PhotoScan is an app that lets you take a picture of a physical, old photo. While the user interface is simple enough for anyone to use, there’s a great deal going on in the background. The app uses machine learning to remove glares, crop out the desk or wall behind the printed photo, and make sure the colors are accurate so that you get a perfect scan.
You simply take four photos of the physical photograph and four white dots will appear above the printed photo. Line up your phone’s camera with the four dots and each will turn blue, as the app takes the photos automatically. Almost instantly, your photo will be processed and stored in the cloud on the Google Photos app, if you have it downloaded.
It doesn’t matter if the photograph you want to digitize is hanging in a frame on the wall or sitting in an album, Google’s machine learning magic will do everything to ensure the end result is just the scanned photo, and nothing else. We got to try out the app at Google’s event in New York City and it is simple, fast, and seamless. The digitized photos were impressively accurate in representing their real life counterparts.
New editing features
But PhotoScan isn’t only new announcement from Google today. The Google Photos app is getting quite a few improvements, including advanced editing features. Until now, the Photos app only had a handful of editing options like “Pop” and the option to adjust the “Light.” It was better to use another app to edit your photos, like Google’s own Snapseed or Instagram. Not anymore.
In the new update, you’ll find more advanced options that allow you to adjust the exposure, highlights, whites, blacks, shadows, and more. Google also has two special options: Deep Blue and Skin Tone. The former lets you make blue skies and water pop for better contrast in photos, and the latter to adjust the skin tone on people in photographs. It’s useful when you crank up the saturation, but don’t want to make someone look orange.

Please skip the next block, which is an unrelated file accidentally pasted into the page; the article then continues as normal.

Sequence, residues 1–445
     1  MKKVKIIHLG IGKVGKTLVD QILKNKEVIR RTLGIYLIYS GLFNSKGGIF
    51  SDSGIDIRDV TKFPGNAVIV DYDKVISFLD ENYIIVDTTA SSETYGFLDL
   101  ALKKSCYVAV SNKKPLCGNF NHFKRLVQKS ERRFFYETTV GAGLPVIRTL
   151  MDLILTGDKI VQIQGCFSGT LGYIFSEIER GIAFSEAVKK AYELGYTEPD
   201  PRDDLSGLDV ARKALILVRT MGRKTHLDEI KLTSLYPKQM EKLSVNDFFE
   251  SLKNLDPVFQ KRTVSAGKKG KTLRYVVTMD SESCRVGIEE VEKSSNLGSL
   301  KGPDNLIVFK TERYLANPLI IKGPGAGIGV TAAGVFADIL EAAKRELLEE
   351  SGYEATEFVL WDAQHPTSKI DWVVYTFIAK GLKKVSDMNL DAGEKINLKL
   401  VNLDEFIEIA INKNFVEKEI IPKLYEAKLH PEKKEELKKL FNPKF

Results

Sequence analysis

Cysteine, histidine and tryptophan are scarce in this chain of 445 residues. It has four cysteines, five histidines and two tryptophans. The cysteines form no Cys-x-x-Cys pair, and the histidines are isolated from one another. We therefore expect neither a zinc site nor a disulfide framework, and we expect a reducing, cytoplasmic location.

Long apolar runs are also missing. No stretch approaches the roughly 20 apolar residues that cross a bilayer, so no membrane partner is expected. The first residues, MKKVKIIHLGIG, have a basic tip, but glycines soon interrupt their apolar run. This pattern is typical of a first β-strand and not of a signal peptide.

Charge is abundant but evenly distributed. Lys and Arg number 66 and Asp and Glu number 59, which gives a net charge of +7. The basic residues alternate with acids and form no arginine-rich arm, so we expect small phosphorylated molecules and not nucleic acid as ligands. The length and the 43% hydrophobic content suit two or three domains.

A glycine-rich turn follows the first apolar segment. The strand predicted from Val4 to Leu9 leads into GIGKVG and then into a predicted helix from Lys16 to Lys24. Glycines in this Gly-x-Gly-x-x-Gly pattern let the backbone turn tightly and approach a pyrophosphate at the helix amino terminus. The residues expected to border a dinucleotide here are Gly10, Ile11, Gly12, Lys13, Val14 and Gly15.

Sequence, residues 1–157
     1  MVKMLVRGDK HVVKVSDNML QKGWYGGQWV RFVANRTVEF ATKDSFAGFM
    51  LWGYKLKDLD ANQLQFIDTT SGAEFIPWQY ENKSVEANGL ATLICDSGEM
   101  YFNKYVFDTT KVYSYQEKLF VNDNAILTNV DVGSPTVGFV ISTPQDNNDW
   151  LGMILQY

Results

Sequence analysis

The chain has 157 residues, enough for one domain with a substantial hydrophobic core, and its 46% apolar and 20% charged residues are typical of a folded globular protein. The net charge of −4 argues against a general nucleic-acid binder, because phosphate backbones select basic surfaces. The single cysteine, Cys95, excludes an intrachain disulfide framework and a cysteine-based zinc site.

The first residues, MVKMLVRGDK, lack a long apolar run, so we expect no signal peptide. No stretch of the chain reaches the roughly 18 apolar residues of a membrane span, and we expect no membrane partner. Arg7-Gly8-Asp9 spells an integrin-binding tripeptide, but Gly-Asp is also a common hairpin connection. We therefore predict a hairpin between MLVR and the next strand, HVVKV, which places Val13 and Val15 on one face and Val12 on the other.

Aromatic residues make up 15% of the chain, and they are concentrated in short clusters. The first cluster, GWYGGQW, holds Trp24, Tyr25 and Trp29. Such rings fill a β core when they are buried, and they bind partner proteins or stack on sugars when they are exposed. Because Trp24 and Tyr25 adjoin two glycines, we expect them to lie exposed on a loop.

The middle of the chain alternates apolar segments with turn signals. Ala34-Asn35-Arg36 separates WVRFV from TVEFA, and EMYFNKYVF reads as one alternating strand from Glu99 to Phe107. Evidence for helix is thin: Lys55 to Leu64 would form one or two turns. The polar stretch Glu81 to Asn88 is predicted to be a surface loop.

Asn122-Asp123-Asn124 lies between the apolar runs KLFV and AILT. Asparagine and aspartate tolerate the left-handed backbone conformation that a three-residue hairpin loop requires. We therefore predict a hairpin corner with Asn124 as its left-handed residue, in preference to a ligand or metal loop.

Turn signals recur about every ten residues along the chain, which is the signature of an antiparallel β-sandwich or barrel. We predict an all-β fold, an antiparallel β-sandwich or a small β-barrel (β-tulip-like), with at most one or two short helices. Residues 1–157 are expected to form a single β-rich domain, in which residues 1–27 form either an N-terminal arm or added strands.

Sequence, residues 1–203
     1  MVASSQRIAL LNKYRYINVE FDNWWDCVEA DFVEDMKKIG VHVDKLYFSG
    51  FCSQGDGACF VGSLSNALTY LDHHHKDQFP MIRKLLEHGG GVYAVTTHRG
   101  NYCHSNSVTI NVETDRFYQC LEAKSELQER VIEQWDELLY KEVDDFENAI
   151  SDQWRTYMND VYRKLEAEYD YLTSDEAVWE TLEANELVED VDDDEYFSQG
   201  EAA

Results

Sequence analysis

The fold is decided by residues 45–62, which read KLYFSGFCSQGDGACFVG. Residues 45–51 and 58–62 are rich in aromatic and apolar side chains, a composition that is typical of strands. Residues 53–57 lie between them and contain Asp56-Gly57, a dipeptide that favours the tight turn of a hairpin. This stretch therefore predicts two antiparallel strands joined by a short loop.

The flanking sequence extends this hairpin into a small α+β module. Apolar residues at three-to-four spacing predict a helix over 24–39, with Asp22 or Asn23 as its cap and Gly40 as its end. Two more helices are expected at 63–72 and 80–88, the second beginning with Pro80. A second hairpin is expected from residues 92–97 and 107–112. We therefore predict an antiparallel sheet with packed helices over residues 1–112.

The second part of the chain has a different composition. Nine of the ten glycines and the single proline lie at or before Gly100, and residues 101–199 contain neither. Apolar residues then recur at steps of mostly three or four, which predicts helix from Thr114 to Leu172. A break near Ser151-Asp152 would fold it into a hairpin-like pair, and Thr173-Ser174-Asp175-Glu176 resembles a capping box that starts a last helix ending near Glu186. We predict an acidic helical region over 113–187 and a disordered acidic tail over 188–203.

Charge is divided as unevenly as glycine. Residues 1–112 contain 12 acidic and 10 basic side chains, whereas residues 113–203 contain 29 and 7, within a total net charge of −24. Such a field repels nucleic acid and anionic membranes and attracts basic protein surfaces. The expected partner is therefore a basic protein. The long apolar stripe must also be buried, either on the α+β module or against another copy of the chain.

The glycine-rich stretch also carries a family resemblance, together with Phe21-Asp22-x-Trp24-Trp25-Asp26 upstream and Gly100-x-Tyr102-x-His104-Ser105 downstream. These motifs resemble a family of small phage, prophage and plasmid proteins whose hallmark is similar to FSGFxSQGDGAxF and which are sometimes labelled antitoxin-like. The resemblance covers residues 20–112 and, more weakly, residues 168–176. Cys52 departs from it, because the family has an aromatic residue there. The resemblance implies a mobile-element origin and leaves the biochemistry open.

If the advanced editing tools aren’t for you, Google has improved the auto-enhance tool with machine intelligence for better one-tap solutions. There are also 12 new filters in the app, but they’re not your average Lark or Valencia. These filters are “smart” and use machine intelligence to correct “exposure and color balance for that specific look.” It doesn’t just slap a filter on a photo and call it a day. Google says it “studied different genres of photography” to ensure these smart filters offered the best look.
Back in September, Google introduced “Creative Concepts” for the mini-videos the Photos app stitches together. Rather than meshing videos and photos together set to a song, Creative Concepts focuses on a theme. There have been two themes available so far: They Grow Up So Fast, and Special Day. The former is if you have photos and videos of your kids over the span of several years — the app pulls this content into a video showcasing their growth. Special Day, on the other hand, focuses on one or two days revolving around an important occasion, like a wedding or a graduation.
The app lets you edit these movies to add other photos and clips you may prefer, as well as change the song.
PhotoScan is available on iOS and Android today, and the updates to the Google Photos app on both operating systems are rolling out now.